In China, roughly 40 miles from Shanghai on a remote archipelago, sits the abandoned village of Houtouwan. Normally, there would be nothing special about a relatively small village that was abandoned during the 90s for no reason, in particular, other than the lack of transportation on and off the island. This village is the exception to the rule, though, because Houtouwan doesn't look like every other abandoned ghost town out there... It's been reclaimed by nature and now, each building looks like something from a post-apocalyptic movie.

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The only difference between this village and a truly barren, deserted landscape is the fact that lush plants surround and cover each and every building within the area. While most of the buildings are broken down and partially dilapidated, there's a beauty there that has drawn many tourists from all over the region to experience it in person. It's known as the village that nature has reclaimed and as of 2018, it was open to people who wanted to view it or explore it for the price of admission. The allure of this village lies in its untouched dwellings, though - everything, from the interiors of the houses to the way each yard is laid out, has simply been left, as though its owners are due back at any moment. This eerily thrilling atmosphere is exactly what makes Houtouwan one of the world's most fascinating abandoned places.

Leaving The Town During The 1990s, Only One Decade After Its Construction

Not every new town has the makings of a permanent dwelling and, in the case of Houtouwan, it wasn't. This remote village was built on Shengshan Island and, while it's only about 40 miles from Shanghai, getting to this remote island is not as simple as a ferry ride. When the town was first built in the 1980s, it had a population of 3,000 people which is no small number for new development.

Despite that, by the 1990s, the realization dawned on many residents that the isolation of the island due to its location would soon become a big problem. As a result, the residents left, and by the early 2000s, there were no people left to claim its homes or business. As such, one resident moved in permanently and didn't leave: Mother Nature.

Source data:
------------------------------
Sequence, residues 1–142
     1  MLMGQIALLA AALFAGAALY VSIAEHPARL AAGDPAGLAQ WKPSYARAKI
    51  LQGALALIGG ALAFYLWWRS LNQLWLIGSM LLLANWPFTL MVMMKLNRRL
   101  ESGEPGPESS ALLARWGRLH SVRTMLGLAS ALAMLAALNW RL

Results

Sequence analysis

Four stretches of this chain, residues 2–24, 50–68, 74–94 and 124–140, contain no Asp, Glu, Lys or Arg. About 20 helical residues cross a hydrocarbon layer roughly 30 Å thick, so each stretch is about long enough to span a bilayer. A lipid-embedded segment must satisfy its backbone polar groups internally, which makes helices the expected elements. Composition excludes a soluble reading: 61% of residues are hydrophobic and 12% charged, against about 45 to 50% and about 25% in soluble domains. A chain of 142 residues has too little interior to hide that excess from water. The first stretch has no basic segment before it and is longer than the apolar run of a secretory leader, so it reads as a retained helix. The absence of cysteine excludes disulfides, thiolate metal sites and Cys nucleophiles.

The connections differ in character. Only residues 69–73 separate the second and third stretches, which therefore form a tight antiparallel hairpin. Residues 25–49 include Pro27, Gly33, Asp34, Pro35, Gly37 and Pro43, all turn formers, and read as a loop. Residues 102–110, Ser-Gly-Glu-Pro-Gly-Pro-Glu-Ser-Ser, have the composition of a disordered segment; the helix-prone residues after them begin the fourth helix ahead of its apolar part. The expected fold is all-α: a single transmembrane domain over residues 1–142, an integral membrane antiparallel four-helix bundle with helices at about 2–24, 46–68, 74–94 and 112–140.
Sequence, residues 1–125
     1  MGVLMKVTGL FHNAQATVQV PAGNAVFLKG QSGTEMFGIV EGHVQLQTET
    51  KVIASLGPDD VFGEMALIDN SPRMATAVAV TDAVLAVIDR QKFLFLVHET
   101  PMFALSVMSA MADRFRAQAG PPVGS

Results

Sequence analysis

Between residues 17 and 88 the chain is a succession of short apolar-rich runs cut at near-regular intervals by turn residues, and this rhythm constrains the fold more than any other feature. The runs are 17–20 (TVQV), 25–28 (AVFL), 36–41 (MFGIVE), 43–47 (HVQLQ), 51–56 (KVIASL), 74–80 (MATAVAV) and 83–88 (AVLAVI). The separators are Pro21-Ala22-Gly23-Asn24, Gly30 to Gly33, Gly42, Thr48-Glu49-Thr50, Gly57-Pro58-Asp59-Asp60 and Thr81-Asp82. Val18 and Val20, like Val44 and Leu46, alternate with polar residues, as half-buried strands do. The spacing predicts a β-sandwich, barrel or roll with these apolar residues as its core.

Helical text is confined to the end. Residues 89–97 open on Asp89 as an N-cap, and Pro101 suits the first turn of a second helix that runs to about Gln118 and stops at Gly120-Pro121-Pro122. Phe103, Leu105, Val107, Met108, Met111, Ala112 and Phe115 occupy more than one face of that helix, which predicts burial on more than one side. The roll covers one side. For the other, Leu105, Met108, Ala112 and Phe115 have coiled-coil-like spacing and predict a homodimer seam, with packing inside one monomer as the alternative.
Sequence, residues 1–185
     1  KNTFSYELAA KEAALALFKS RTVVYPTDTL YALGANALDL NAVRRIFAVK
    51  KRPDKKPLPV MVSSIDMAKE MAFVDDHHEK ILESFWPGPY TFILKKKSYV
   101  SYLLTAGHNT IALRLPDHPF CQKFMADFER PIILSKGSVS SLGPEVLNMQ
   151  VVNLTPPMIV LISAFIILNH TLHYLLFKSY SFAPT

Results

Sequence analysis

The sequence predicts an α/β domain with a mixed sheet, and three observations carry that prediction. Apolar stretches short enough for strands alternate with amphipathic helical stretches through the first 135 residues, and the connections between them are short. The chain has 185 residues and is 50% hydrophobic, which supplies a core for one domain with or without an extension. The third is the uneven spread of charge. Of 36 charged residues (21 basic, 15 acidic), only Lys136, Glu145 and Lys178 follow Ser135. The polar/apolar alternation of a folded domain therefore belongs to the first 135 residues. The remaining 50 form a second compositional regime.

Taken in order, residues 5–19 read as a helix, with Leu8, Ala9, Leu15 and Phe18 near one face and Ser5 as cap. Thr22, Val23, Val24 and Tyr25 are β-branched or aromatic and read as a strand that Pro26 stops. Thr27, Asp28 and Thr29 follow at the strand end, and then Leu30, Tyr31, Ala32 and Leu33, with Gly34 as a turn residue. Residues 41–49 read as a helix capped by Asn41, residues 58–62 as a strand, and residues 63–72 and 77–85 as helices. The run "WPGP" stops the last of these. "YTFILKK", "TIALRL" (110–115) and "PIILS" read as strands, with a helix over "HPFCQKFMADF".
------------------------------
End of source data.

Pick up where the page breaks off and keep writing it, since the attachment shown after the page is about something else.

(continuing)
The Rush To See This Lush, Overtaken Ghost Town

While the term 'ghost town' is not meant in the sense that it's intended for many actual ghost towns throughout the world, it does echo the seem eeriness that the others do when it comes to a lack of human beings. Houtouwan went unnoticed for over a decade before people began to take notice of its intense overgrowth. Thanks to some photos that began circulating of the unbelievably green village, people started feeling the itch of the travel bug as calls were made and flights were booked. Even though it's not easy getting to Shengshan Island, it hasn't stopped those who are truly dedicated to making their way to the once-bustling village of Houtouwan.

Concerns were immediately raised over the sheer number of people who were trying to visit this village. While it seemed that Mother Nature would be unmoveable, history has shown that too much of a good thing - such as tourism - can lead to the eventual breakdown of a destination's natural environment, which is exactly what Houtouwan had become a haven for. Thus, tourism attractions, such as a viewing platform, and guided hikes were put into place so that people could safely observe this town's landscape, with a carefully controlled number of tourists allowed per day. As of 2017, the village had officially become a destination for many people, with bed and breakfasts popping up around the area to take advantage of the tourism, bringing in over $100,000 in profit in the first year alone.

Getting To The Island Is A Challenge

It's unusual to think of China and picture remote locations that are almost completely isolated from the mainland - but that's exactly what Shengshan Island is. The archipelago that Shengshan Island is part of is called the Shengsi Archipelago, and it's the only place in China that has been declared a National Scenic Area, giving it even more of a reputation with tourists seeking its lush landscape.

The ferry that takes visitors to the island departs from Shanghai at 9:15 AM and takes three hours before visitors are off-boarded on Gouqi Island, where they can take a taxi to Houtouwan. For those looking to skip a few steps, the bed and breakfasts in the area can make arrangements for travelers.

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